Browse by author
Lookup NU author(s): Dr Alton Horsfall
Full text for this publication is not currently held within this repository. Alternative links are provided below where available.
© (2015) Trans Tech Publications, Switzerland. This paper presents the characteristics and performance of a range of silicon carbide (SiC) CMOS integrated circuits fabricated using a process designed to operate at temperatures above 300°C. The properties of silicon carbide enable both n-channel and p-channel MOSFETS to operate at temperatures above 400°C and we are developing a CMOS process to exploit this capability. The operation of these transistors and other integrated circuit elements such as resistors and contacts is presented across a temperature range of 23°C to +400°C. We have designed and fabricated a wide range of test and demonstrator circuits. A set of six simple logic parts, such as a quad NAND and NOR gates, have been stressed at 300°C for extended times and performance results such as propagation delay drive levels, threshold levels and current consumption versus stress time are presented. Other circuit implementations, with increased logic complexity, such as a pulse width modulator, a configurable timer and others have also been designed, fabricated and tested. The low leakage characteristics of SiC has allowed the implementation of a very low leakage analogue multiplexer showing less than 0.5μA channel leakage at 400°C. Another circuit implemented in SiC CMOS demonstrates the ability to drive SiC power switching devices. The ability of CMOS to provide an active pull up and active pull down current can provide the charging and discharging current required to drive a power MOSFET switch in less than 100ns. Being implemented in CMOS, the gate drive buffer benefits from having no direct current path from the power rails, except during switching events. This lowers the driver power dissipation. By including multiple current paths through independently switched transistors, the gate drive buffer circuit can provide a high switching current and then a lower sustaining current as required to minimize power dissipation when driving a bipolar switch.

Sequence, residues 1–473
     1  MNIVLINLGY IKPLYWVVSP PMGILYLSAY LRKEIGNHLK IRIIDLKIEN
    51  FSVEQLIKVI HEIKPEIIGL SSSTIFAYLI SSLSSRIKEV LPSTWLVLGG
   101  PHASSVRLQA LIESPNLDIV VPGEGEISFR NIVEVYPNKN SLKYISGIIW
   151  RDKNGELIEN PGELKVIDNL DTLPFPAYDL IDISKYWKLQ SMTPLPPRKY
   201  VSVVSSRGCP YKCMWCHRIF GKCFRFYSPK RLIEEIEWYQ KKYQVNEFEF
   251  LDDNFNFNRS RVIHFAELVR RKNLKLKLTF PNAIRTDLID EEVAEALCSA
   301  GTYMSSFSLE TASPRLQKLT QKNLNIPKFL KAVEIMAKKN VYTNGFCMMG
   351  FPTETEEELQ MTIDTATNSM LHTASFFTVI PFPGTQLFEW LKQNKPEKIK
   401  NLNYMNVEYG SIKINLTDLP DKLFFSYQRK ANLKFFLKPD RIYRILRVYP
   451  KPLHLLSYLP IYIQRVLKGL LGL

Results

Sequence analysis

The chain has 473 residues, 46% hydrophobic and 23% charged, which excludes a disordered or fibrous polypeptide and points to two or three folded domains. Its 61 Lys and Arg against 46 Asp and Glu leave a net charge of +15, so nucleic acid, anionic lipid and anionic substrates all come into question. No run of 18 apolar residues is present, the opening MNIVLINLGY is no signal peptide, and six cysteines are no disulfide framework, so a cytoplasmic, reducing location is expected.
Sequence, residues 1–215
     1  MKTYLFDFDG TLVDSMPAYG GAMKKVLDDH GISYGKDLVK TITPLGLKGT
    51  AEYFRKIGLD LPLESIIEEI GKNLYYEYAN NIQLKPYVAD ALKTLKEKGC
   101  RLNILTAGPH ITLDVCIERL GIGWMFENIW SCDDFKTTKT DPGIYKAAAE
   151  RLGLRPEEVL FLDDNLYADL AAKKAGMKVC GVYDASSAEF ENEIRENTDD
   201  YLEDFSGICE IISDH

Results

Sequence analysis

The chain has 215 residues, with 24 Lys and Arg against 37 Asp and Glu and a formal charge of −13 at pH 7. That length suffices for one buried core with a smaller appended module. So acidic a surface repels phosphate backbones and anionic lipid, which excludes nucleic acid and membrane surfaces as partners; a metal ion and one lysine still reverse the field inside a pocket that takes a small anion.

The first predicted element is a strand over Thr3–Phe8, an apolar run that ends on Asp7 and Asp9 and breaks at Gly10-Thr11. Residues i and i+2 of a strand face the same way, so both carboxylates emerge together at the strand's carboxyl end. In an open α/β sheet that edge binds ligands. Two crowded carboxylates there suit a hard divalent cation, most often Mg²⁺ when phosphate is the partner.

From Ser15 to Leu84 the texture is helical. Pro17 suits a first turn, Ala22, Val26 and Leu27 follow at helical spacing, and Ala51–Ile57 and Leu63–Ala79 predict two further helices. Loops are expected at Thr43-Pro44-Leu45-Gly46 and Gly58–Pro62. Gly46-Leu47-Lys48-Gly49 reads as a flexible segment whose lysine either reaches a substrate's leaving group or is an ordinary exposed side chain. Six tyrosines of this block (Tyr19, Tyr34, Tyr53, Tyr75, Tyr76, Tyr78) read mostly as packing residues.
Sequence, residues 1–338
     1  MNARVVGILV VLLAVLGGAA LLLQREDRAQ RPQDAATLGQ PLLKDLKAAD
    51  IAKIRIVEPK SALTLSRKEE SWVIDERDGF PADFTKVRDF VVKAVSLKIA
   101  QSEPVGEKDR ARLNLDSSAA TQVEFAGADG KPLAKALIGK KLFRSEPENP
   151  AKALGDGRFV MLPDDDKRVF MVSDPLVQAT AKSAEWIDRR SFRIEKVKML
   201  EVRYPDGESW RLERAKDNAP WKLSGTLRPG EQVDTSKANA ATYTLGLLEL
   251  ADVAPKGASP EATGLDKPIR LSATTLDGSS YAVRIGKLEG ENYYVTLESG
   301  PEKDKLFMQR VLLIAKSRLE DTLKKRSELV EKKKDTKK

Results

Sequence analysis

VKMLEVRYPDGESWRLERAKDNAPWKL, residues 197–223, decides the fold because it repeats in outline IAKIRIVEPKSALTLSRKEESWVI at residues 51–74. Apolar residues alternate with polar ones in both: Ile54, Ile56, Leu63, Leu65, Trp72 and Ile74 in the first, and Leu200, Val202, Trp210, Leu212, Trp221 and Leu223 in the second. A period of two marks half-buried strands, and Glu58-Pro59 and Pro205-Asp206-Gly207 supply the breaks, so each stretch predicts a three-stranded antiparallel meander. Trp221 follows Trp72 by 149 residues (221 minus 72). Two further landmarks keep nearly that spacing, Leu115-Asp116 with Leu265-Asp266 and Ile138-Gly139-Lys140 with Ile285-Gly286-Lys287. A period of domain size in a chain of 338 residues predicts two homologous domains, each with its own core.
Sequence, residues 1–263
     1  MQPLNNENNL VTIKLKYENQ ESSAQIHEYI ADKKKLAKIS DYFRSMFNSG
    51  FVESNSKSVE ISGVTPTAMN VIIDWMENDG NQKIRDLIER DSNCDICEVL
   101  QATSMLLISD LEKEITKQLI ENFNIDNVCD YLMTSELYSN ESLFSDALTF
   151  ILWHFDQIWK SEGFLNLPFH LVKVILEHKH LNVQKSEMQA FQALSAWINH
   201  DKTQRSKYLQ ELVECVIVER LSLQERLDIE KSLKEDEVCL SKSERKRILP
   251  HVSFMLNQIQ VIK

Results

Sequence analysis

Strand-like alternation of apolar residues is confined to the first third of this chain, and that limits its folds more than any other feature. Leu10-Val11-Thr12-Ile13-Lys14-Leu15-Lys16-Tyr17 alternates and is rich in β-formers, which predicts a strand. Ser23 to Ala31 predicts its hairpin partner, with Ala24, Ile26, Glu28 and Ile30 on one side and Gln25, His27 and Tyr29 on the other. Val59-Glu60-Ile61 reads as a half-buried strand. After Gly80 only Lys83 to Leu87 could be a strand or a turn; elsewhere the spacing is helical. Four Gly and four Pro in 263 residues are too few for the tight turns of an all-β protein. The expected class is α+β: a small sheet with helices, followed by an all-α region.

Author(s): Ramsay E, Breeze J, Clark D, Murphy A, Smith D, Thompson R, Wright S, Young R, Horsfall A
Publication type: Conference Proceedings (inc. Abstract)
Publication status: Published
Conference Name: European Conference on Silicon Carbide & Related Materials (ECSCRM 2014)
Year of Conference: 2015
Online publication date: 30/06/2015
Acceptance date: 28/01/2015
Publisher: Trans Tech Publications Ltd
Library holdings: Search Newcastle University Library for this item
Series Title: Materials Science Forum